Dementia: Sleeping It Off


Well blogging at 9.22 pm is a departure.  This is not part of a new shift system, it’s a pragmatic response to a challenging day.  It might also help me to stay in bed until after dawn in the morning.

Chloe played a blinder this morning.  She arrived on the dot at 10 am, briefed from my text, and soon had Maureen at her fingertips.  I listened from upstairs as she shared her experiences of her nephew’s christening the previous day.  At various intervals I heard her pose the hair washing question.  Her persistence paid off as I heard her suggest it would be easier to do it in the shower.  I took my leave so that Maureen would have privacy, and not feel threatened by any man in the house.  Towards noon I made a classic mistake, and nearly paid the price.

Once the ‘hairdresser’ had finished her work Maureen was anxious to send her on her way.  Chloe delayed as much as possible but eventually went along with Maureen’s wishes.  This led to Maureen panicking at all sorts of levels about our plans to attend her uncle’s funeral.  It took everything I had to get us to the crematorium as the service began.

We also made it for ‘afters’ at a pub a short distance from our house.  Once in the company of her family Maureen was surrounded by relations who wanted to ‘catch up’ with her.  There were many dodgy moments as some folk inexperienced in dementia committed cardinal sins of : ‘do you remember’ etc.  We were very fortunate that Debbie came to our rescue and shepherded Maureen to safety on several occasions: she has personal experience of the condition.

Three things come to mind from this afternoon.  Firstly, Maureen remains a very popular member of the family.  Lots of relatives have fond memories of Lilly and Jack’s daughter.  Secondly, unless you have cared for someone with dementia 24/7 there is little chance that you will understand how to interact with someone who has dementia.  Thirdly, Maureen is exhausted from the support she has tried to give to Clarice this afternoon.   She’s been in bed since 6 pm, and I expect her to sleep late into the morning.  I also expect it will take her a couple of days to recover from today’s strenuous efforts to put on a good show for the sake of the family.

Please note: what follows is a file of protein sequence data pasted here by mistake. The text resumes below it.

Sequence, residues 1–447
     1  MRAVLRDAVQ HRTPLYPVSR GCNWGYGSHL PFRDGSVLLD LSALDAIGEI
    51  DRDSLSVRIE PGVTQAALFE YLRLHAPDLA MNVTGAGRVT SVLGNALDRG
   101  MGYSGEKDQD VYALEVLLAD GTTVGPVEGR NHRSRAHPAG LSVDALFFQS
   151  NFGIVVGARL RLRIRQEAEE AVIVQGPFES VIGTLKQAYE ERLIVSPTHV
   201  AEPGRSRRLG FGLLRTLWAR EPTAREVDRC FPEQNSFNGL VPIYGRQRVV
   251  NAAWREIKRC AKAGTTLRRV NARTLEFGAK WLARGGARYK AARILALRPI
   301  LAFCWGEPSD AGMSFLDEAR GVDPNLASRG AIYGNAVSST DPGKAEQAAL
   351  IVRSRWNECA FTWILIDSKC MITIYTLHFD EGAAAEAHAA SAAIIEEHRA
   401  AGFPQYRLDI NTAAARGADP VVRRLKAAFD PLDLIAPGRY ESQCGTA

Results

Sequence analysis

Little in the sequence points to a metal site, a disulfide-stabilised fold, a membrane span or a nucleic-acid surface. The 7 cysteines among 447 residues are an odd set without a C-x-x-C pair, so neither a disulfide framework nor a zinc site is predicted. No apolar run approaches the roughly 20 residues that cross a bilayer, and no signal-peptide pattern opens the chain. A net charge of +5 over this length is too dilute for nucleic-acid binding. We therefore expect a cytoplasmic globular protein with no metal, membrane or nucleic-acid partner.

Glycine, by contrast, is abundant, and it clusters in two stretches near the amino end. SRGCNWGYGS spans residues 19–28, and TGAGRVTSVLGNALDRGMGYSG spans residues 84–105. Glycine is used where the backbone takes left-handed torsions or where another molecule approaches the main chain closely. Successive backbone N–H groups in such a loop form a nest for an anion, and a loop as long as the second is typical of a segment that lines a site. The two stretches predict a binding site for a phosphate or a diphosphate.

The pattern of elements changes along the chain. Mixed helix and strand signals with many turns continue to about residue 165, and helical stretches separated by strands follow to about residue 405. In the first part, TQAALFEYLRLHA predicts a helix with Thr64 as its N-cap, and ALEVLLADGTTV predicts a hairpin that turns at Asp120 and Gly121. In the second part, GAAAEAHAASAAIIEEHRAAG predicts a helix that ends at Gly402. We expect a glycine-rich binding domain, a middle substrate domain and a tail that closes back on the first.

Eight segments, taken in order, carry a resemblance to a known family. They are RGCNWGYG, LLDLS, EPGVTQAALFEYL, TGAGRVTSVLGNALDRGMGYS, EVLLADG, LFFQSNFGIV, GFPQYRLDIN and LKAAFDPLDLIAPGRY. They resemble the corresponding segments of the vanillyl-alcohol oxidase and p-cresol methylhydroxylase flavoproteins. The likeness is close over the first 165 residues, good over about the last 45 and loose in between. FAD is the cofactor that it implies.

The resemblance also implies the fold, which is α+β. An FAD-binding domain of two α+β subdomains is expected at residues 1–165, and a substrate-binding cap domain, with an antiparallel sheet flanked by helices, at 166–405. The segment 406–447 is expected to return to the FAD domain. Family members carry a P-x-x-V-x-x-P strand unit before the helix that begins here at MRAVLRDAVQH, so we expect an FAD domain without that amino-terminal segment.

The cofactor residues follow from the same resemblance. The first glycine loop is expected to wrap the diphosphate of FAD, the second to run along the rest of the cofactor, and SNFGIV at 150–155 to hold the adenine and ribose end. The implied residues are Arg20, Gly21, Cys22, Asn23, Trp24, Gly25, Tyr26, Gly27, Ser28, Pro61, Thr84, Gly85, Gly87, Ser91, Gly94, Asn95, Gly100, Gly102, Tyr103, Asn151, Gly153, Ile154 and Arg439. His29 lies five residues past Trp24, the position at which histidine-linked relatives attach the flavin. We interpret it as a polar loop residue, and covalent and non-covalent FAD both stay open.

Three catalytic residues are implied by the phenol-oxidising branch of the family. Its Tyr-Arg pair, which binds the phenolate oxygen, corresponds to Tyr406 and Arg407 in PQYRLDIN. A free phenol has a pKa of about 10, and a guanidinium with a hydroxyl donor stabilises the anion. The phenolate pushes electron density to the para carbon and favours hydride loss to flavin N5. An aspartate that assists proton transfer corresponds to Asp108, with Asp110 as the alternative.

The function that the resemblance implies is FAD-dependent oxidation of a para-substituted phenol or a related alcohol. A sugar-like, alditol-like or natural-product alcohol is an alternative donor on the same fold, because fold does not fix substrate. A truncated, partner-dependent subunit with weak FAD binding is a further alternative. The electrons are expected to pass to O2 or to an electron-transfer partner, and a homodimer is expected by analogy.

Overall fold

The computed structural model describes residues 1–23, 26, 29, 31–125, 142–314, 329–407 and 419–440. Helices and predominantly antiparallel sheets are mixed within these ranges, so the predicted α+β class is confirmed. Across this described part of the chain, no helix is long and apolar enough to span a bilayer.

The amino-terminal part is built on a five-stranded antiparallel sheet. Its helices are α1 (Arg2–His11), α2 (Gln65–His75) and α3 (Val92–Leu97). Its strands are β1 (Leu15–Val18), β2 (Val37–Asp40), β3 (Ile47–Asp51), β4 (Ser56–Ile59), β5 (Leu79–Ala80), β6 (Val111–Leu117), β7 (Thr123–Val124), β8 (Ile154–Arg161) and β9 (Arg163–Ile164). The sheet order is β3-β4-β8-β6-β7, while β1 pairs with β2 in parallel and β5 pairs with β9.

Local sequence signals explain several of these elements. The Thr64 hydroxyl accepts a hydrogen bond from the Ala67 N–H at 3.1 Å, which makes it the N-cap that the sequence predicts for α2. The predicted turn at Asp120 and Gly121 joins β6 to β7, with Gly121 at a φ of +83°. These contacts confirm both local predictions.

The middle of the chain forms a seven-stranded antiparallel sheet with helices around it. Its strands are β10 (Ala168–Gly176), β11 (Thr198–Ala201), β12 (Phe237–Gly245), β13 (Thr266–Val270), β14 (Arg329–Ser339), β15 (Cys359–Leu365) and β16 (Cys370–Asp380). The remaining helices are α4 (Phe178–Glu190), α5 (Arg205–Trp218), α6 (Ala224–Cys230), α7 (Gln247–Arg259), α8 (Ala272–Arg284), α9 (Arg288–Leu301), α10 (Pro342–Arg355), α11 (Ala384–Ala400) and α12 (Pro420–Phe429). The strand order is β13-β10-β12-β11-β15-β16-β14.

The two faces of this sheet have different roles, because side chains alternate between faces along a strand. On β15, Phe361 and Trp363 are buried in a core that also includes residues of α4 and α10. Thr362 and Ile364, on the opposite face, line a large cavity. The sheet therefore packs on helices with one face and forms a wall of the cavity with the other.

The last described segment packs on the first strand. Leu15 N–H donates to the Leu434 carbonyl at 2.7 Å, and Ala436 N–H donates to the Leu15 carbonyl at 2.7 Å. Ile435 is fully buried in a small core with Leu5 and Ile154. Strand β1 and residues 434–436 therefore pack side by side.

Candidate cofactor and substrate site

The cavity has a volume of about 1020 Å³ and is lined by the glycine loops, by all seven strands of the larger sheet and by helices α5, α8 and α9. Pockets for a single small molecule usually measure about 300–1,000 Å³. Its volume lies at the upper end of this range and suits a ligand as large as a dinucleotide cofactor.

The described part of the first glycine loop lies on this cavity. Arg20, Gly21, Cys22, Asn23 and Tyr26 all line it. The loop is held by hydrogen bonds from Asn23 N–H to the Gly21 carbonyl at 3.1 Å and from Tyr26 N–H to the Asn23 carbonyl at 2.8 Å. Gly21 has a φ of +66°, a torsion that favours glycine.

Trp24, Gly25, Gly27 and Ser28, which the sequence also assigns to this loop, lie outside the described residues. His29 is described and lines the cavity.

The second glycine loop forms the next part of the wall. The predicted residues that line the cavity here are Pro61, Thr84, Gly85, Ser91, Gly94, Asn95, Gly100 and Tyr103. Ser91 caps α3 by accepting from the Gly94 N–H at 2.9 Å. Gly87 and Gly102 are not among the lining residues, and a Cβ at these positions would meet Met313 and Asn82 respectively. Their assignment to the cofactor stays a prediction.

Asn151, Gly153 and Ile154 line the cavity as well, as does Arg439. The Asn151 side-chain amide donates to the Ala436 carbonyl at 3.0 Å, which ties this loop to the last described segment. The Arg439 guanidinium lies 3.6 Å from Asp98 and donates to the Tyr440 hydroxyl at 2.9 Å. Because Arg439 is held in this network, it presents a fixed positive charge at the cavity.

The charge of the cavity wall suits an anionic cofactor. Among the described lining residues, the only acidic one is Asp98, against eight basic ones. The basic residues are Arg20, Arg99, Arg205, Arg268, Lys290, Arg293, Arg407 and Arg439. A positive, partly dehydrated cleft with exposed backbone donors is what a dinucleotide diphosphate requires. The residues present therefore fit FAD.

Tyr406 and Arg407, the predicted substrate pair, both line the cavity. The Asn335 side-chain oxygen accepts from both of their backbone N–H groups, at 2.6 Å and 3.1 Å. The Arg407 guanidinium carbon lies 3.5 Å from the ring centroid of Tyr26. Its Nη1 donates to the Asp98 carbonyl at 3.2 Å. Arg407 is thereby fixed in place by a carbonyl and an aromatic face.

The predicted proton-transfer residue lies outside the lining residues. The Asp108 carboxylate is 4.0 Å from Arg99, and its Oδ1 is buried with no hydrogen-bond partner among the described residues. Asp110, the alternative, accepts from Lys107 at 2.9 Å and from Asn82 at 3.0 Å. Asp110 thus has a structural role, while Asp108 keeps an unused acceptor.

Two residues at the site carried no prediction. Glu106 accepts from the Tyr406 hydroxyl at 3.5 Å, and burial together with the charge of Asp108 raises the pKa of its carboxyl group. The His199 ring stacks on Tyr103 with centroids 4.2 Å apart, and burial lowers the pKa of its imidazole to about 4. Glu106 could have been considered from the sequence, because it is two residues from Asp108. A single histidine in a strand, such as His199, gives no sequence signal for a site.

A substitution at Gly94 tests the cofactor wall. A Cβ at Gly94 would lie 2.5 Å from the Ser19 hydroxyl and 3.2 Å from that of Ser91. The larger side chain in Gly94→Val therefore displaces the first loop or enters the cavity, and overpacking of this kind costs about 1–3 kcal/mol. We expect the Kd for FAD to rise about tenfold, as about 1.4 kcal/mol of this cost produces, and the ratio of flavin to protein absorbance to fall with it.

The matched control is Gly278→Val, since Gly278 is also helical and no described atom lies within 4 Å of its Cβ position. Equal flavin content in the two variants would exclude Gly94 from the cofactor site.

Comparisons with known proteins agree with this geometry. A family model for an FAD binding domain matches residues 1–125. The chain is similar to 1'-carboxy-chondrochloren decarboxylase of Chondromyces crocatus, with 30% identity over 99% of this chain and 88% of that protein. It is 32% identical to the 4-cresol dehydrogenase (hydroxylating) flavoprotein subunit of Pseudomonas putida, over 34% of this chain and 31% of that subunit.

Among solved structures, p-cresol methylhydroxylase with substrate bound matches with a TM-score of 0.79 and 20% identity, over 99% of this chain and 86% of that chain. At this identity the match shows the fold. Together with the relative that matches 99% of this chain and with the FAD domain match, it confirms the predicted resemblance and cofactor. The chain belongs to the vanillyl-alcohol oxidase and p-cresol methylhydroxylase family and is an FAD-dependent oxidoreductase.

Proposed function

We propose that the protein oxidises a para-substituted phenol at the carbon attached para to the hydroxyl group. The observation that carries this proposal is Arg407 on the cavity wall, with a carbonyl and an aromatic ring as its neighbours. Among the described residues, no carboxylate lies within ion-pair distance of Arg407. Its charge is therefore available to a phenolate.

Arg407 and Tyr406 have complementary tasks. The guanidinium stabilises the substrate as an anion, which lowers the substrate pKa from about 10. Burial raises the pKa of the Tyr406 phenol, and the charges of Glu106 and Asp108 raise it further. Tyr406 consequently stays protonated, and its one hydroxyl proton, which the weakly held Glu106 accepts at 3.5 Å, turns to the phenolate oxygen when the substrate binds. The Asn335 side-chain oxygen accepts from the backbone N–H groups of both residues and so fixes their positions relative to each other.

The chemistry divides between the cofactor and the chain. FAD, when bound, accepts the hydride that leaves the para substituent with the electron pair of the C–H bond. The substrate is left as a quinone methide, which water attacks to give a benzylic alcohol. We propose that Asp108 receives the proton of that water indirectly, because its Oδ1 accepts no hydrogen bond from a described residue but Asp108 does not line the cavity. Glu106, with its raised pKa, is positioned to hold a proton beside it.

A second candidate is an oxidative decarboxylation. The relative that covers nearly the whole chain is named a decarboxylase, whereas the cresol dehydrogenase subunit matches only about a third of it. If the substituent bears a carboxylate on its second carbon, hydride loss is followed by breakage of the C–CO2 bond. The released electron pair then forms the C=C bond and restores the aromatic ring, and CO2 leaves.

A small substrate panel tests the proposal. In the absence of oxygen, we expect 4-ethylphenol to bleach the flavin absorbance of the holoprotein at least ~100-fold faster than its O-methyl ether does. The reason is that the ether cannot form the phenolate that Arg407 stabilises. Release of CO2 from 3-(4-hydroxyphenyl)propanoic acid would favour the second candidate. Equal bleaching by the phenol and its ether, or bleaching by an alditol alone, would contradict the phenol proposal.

I’m now typing away, shortly after 7 am, just to show how wrong I often am.  If I could really predict what’s going to happen here I’d better start doing the lottery.  How wrong I was about Maureen being out for the count.  I’ll just give a brief timeline on what followed.

10.30 pm:  Maureen woke up uncertain where she is and very frightened.  I joined her in bed and she drifted back to sleep.

1.30 am:  Maureen jumped out of bed with a start.  She looked out of the window to see if her car is on the drive.  Then she went downstairs and opened the front door.  I hot-foot it downstairs in case I need to follow her on walkabouts.  Thankfully she closed the door and Mrs Angry is letting off steam about being confined to this house.  She wants the people who drive her car to take her out of here:  she needs to get away after the day she had yesterday.

2.30 am:  Maureen lets me know that she is a grumpy old thing, and reassures me that none of this is my fault.

6.45 am:  Maureen is sobbing as she looks through her wardrobe.  She is unsure which  clothes are hers, as she doesn’t recognise any of them.  I take the blame for putting new things around without letting her know about my latest purchases: my nose grows as I tell yet another Love Lie!

Now: Enjoying the efforts of her Tea Boy in bed.

I am not really sure how we will spend today but there one thing I’m sure of, as I always tell Maureen: ‘we’re going to have a good day today’.

4 thoughts on “Dementia: Sleeping It Off

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